Una nota más: el autor, Francisco Jiménez, vivo en Santa Clara y enseña en la Universidad de Santa Clara. Cuando yo estaba sentando en una tienda de café viernes, alguien me vio leyendo Cajas de Cartón. Me dijo que él conoce señor Jiménez y es un hombre muy amable y bondadoso.
vocabulario (palabras que yo tenía que encontrar en el diccionario):
- la cubierta: the cover (of a book)
- la cerca: the fence
- evitar: to avoid
- el premio: the prize
- bondadoso: kind
Book review: Cajas de cartón (Cardboard boxes), by Francisco Jiménez
This book is an autobiography, with “stories of the nomadic life of a young migrant farmboy”, as it says on the cover. I’m reading it without a Spanish-English dictionary although there are many words I don’t understand, almost half maybe. But I understand enough that I can follow the most important things that happen. And what I enjoy most is that I learn new words by their context.
For example, in one story the baby of the family was sick, and the author says “Todas nos arrodillamos frente al Santo Niño para rezar.” (“We all <something> in front of Saint Niño to <something>.”) I didn’t know what “arrodillamos” and “rezar” meant. But I did already know that “rodillos” are “knees” in Spanish and so I decided that “arrodillarse” means “to kneel” and “rezar” must be “to pray”. In that way I’ve been learning some new words.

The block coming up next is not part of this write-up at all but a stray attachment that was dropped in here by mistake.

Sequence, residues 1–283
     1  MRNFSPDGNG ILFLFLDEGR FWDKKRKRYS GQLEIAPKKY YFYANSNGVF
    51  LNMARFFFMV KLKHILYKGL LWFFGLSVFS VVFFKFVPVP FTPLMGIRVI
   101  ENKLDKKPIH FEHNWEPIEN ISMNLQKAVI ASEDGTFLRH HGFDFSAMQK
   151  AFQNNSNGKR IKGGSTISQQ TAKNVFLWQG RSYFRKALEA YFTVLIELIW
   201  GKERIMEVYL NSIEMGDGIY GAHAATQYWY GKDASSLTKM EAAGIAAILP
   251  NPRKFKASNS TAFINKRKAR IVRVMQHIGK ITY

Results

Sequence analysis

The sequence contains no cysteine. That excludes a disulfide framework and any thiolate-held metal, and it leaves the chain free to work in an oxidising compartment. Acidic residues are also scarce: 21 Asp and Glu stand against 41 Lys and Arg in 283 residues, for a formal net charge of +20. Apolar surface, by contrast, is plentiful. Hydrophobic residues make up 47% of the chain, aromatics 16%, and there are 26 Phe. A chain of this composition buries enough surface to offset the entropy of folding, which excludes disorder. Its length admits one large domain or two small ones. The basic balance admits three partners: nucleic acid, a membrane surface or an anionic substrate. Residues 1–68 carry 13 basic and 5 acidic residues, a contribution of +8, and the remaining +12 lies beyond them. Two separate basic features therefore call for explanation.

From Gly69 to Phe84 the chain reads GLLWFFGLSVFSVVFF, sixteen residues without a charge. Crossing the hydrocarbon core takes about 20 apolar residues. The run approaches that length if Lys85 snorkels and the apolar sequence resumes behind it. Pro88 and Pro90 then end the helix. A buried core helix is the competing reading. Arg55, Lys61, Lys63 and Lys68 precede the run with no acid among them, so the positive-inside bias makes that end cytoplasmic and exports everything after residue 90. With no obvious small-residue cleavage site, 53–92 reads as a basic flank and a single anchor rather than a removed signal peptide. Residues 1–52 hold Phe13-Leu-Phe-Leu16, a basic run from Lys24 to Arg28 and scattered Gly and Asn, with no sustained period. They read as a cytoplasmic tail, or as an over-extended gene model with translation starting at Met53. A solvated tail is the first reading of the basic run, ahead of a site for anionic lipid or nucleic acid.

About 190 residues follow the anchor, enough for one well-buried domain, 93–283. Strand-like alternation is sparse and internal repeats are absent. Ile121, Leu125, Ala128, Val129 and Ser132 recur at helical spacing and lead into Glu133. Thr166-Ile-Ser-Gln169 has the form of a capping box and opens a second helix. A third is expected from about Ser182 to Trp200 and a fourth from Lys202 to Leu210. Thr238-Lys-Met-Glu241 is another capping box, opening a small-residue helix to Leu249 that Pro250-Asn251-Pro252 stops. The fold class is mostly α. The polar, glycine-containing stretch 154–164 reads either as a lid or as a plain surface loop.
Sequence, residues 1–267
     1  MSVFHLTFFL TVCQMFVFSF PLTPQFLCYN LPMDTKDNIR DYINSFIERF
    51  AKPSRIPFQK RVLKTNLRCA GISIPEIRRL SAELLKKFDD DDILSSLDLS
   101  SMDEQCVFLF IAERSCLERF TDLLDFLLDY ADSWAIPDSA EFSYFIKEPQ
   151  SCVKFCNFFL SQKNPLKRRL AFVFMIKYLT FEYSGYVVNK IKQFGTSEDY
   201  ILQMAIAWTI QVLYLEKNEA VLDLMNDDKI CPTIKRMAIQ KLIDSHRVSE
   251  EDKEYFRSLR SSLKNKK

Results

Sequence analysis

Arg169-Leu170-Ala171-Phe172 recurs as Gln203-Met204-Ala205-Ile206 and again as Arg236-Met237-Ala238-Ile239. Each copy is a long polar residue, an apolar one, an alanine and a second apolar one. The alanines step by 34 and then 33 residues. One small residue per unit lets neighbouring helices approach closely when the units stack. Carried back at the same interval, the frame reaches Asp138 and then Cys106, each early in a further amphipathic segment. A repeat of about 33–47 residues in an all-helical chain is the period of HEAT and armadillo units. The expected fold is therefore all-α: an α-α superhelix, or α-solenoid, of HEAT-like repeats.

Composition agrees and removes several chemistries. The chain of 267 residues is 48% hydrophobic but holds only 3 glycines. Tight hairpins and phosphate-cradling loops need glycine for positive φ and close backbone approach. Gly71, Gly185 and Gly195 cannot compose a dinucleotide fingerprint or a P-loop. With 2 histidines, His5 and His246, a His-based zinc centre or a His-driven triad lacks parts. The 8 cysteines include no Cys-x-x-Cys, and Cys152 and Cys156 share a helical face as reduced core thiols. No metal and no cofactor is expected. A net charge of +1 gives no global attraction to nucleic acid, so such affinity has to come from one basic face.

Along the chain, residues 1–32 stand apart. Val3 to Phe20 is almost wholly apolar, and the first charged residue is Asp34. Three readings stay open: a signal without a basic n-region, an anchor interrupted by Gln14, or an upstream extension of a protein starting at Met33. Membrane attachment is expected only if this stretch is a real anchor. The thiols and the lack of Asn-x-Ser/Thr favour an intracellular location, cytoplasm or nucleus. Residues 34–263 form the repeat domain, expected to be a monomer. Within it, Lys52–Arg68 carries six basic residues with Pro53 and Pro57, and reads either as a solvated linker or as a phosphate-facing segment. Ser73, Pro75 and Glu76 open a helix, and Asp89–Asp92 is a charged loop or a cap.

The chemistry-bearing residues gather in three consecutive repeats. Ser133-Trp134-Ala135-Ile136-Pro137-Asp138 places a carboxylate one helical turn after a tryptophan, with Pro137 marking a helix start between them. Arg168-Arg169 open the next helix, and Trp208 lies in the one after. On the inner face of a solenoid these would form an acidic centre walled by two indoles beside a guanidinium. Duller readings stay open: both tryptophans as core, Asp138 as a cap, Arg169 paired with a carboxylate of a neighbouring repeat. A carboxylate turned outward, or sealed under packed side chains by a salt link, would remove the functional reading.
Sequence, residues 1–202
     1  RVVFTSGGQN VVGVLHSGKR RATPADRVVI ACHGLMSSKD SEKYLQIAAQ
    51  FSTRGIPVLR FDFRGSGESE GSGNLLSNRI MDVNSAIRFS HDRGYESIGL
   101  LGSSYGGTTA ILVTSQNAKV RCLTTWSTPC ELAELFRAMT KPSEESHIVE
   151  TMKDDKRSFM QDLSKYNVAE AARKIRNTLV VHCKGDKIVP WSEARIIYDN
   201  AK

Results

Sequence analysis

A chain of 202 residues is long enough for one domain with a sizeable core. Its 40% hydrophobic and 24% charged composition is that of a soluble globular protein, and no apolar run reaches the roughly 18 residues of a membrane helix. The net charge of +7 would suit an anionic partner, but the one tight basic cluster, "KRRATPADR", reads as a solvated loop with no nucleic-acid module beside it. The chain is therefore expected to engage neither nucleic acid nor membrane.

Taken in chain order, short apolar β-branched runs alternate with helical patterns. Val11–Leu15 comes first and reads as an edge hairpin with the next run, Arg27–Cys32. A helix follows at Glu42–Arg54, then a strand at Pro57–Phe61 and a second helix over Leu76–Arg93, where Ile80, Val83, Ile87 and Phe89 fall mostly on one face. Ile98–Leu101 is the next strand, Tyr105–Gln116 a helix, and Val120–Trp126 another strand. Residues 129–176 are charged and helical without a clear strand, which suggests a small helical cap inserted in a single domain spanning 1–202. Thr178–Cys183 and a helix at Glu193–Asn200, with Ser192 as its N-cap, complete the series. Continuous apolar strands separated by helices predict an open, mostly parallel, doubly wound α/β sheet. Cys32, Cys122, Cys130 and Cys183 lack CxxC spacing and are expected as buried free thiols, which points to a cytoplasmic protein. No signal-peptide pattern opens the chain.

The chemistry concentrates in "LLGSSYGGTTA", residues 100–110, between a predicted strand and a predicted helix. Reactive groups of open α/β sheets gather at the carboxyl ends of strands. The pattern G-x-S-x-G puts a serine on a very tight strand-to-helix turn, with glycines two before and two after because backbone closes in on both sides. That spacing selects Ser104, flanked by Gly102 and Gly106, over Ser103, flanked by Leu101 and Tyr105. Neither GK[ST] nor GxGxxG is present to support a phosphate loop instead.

So far I’ve read four of the dozen stories in the book. In the first, the author tells how he and his family left their poverty in Mexico and journeyed to California to work in the cotton, grape, and strawberry fields. They had to go under the fence at the border at night, to avoid “la migra”, the border police.
In the second story, he tells he had to care for his new little brother in the car by the fields, while his mother, father, and older brother worked picking cotton. One day, he decided to pick cotton too, next to the car. He was very proud, until his parents returned and discovered that the baby had made himself very dirty!
The third story is about his first year at school. He didn’t understand any English and the teacher did not try to teach it to him. But his drawing of butterflies won first prize in the class!
I already mentioned the fourth story, in which the baby was sick. The family prayed day and night, kneeling under the painting of Saint Niño, begging that if the saint would heal their baby, they would pray to the saint every day for a whole year. I was pleased to read that the baby got better after many prayers, and a trip to the hospital.